Following the departure of Chief of Staff Alexander Hamilton, Washington's search for a dependable and trustworthy Chief of Staff led him to choose his own nephew, the highly-dependable attorney Bushrod. Opposition members, however, denounced the choice of a family member in the Cabinet, and opposition Senators organized to block Bushrod's appointment. The Washington Administration, led by Attorney-General Samuel Hitchcock, contended that not running a department, the Chief of Staff did not require Senate approval. In a case directly appealed to the Supreme Court and led by Senator Aaron Burr (Washington v. Burr), the Supreme Court ruled that, written by Chief Justice Adams, the appointment of a Chief of Staff did not require Senate approval because, as argued by Hitchcock, the position did not head a department.

Notable Appointments

  • Chief Justice: John Adams
  • Ambassador to France: Thomas Jefferson

Cabinet Changes

  • Secretary of War: Benjamin Lincoln
  • Attorney-General: Samuel Hitchcock
  • Chief of Staff: Bushrod Washington

Other Important Figures During This Period

  • Governor Josiah Bartlett: After serving as Speaker, Bartlett retreated to his home state of New Hampshire to lead the abolition effort at the local level. Bartlett became the country's most prominent and vocal abolitionist and remained mostly popular throughout his term, but the state legislature blocked complete abolition.
  • Senator Alexander Hamilton: Serving from New York, Hamilton used the Senate to publicize a stronger federal government and lay the foundation of the Hamiltonian philosophy.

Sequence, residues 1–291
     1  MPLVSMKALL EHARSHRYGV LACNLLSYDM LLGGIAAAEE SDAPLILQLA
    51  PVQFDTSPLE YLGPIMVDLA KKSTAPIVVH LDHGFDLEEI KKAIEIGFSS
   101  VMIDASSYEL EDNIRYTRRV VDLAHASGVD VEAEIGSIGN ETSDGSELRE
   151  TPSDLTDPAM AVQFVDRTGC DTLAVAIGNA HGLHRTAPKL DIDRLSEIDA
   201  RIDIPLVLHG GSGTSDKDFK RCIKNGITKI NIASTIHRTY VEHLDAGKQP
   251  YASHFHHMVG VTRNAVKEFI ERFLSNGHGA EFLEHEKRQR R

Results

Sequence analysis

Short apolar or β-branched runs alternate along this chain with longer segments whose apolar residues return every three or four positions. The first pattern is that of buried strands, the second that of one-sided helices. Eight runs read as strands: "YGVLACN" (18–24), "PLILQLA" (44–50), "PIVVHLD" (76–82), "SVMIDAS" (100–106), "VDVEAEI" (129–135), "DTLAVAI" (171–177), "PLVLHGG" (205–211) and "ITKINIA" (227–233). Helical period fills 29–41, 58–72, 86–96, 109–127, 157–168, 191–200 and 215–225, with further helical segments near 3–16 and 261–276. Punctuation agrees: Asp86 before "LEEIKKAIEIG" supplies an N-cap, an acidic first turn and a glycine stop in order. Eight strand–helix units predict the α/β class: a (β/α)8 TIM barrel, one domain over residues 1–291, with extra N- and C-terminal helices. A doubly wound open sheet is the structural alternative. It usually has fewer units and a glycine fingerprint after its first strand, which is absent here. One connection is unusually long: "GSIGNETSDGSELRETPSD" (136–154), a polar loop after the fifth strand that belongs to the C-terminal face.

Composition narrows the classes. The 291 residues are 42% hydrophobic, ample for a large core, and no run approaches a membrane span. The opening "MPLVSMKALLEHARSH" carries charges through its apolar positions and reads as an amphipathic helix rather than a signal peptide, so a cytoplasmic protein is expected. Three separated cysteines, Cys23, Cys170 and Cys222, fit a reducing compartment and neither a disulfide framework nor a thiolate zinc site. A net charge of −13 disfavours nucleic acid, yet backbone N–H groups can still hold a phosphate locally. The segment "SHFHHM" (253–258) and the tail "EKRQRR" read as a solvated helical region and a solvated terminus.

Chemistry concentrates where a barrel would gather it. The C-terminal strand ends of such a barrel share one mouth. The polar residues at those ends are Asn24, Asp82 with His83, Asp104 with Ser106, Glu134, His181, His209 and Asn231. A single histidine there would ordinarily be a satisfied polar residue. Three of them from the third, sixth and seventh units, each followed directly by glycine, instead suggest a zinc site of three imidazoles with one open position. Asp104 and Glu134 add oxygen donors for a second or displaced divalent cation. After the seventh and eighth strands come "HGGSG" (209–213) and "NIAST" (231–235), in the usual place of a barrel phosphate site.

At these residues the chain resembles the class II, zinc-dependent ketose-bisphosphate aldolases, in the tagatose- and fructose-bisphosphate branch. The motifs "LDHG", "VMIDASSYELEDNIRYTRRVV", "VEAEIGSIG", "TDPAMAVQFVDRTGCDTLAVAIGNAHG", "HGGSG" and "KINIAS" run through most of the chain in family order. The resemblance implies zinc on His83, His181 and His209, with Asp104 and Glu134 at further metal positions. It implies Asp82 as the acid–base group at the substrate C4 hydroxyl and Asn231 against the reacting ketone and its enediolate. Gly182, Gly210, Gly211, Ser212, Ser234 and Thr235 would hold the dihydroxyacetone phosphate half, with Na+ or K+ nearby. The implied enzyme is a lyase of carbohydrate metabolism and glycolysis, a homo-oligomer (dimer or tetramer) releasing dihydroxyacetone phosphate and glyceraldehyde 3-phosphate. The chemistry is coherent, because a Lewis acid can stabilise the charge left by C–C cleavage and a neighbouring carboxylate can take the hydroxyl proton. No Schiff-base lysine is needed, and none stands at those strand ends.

• Senator Aaron Burr: Hamilton's New York colleague and antithesis became the informal Senate leader of the Henrians following Patrick Henry's retirement from the Senate. He led the Senate effort against the appointment of Bushrod Washington.
  • Benjamin Franklin Bache: Benjamin Franklin's illegitimate grandson and a Philadelphia newspaper editor, Bache has used his paper, the Aurora, to heavily criticize the Washington government and popularize an extreme form of Henriasm that some have called Jeffersonianism. He unsuccessfully ran for Congress.

Third Administration 1797-1798

Summary of Major Policy Areas

Foreign Policy

The most radical shift of Washington's third term was foreign policy. After Secretary of State John Jay, and two terms of pro-British policy left his post to become Vice President, Washington replaced Jay with Ambassador to France, and Henrian icon, Thomas Jefferson. Both impressed by Jefferson's work and the potential of a French partnership, Washington gave Jefferson permission to establish a pro-French department while negotiating continued agreements with Britain.